significant consistency to all accidents, as the chairman's summary, right at
the start of the report, highlights.* The trail is uneven so people trip
and fall and hurt themselves.* Weather changes unexpectedly which catches
out the ill-prepared.* People fail to consider the real challenges of a
hike (or indeed ride) and find that they don't have the physical endurance to
complete it.* These are common, and recurring, situations as the report
makes clear.

*

The trips and falls that hikers take are not to be compared
with the kind of falls that bikers take. Do try to get some common sense if
possible.


Do try and stay on topic. Where did I suggest that they were the same ... I didn't !

However, what I have done is refuted your proposition that hikers were somehow immune to accidents unless they did something very stupid. As the report shows, that's not the case.

Mountain biking done normally is extremely dangerous. "Mistakes"

have
nothing to do with it. Other outdoor activities such as hiking and

camping done
normally are not dangerous. That is the difference.


Then why don't the statistics show this ?* For the simple

reason that it's just not true.* Any kind of endeavour in untramelled
territory carries inherent risks whether on foot or bike.

The risks are not the same.as a visit to any nearby ER would
inform you.


Can you stay on topic for five seconds. I never said the risks were the same. I simply pointed out that hiking does have risks which means that there are an appreciable number of incidents.

I am also quite right as to the risks ... because I didn't come up

with those figures they are from independent third parties.

Your figures are nuts. Read some actual reports of accidents
and deaths.


Why ? What would that prove ? I can send you a report, which I know to be true, of a man who died in his own bathroom when he slipped in the shower. What does that tell us ? That showering is inherently dangerous ... of course not.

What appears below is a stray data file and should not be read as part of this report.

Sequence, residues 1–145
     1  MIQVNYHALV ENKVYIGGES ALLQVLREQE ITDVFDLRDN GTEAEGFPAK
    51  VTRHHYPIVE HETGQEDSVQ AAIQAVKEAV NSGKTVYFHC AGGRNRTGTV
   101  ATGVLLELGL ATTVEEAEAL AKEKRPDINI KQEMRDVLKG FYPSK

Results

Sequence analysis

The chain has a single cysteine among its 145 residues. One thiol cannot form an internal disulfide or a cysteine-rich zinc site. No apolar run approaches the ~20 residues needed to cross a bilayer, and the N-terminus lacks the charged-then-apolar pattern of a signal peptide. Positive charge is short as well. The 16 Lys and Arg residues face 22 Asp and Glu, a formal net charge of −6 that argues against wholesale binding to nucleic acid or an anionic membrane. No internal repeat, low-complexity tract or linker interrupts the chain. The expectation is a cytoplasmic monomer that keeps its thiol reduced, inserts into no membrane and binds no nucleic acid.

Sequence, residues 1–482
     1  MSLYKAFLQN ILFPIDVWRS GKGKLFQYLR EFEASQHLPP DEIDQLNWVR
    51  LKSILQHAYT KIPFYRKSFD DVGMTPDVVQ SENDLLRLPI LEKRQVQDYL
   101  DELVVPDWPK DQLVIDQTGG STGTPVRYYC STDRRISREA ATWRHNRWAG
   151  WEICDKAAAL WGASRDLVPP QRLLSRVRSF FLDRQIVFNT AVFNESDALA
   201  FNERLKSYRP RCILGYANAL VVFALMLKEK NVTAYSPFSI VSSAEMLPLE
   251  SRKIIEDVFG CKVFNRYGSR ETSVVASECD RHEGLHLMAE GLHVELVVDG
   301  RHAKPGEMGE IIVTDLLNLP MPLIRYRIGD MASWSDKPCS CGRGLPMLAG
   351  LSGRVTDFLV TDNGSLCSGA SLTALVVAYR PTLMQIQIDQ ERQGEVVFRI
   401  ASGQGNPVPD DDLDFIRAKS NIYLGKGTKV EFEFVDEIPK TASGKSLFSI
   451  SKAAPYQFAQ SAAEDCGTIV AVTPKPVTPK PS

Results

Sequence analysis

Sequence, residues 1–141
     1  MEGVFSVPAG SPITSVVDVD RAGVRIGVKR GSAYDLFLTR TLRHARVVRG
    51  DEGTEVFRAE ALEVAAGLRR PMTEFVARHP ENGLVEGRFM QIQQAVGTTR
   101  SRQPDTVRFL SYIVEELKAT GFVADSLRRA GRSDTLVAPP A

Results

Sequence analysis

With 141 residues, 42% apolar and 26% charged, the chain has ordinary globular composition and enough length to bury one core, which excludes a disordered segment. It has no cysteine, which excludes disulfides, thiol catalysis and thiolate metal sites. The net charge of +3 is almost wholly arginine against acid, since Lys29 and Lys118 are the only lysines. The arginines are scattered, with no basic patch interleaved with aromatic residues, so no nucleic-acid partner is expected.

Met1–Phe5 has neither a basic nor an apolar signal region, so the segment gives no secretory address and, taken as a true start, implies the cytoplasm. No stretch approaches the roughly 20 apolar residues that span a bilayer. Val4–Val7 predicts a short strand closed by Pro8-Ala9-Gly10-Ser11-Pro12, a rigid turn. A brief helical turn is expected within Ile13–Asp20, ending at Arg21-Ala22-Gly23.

Unless you know the injuries and fatalities as a percentage of the total number of exposures you know absolutely nothing about the actual danger level involved.

Look at car driving as an example; there are many, many fatalities every day ... but you have to compare that with the total number of journeys taken to understand that the risk you face when getting in your car is fairly low.. It's also, by the by, way higher than going for a ride on your mountainbike though.

And what gives you the right to tell the rest of us how we may

enjoy ourselves ?* The answer, of course, is nothing ... so enjoy the
trails as you see fit and stop obsessing over what others do.* It's none of
your business.

The idiotic injuries that mountain bikers suffer from trying
to ride their bikes on hiking trails is a cost to society, both the rescues and
the medical treatments.


It's a lot less than the costs incurred by coronary disease !

  #13  
Old May 22nd 14, 05:10 AM posted to rec.bicycles.soc
EdwardDolan
external usenet poster
 
Posts: 538
Default Another idiot mountain biker!

"Blackblade" wrote in message ...
[...]

Ed, that's not at all what the report says. There is a

significant consistency to all accidents, as the chairman's summary, right at
the start of the report, highlights. The trail is uneven so people trip
and fall and hurt themselves. Weather changes unexpectedly which catches
out the ill-prepared. People fail to consider the real challenges of a
hike (or indeed ride) and find that they don't have the physical endurance to
complete it. These are common, and recurring, situations as the report
makes clear.


Edward Dolan wrote:

The trips and falls that hikers take are not to be compared
with the kind of falls that bikers take. Do try to get some common sense if
possible.


Do try and stay on topic. Where did I suggest that they were the same ... I didn't !


However, what I have done is refuted your proposition that hikers were somehow immune to accidents unless they did something very stupid. As the report shows, that's not the case.


“The trips and falls that hikers take are not to be compared with the kind of falls that bikers take. Do try to get some common sense if possible.” – Ed Dolan

Mountain biking done normally is extremely dangerous. "Mistakes"

have
nothing to do with it. Other outdoor activities such as hiking and

camping done
normally are not dangerous. That is the difference.


Then why don't the statistics show this ? For the simple

reason that it's just not true. Any kind of endeavour in untramelled
territory carries inherent risks whether on foot or bike.

The risks are not the same.as a visit to any nearby ER would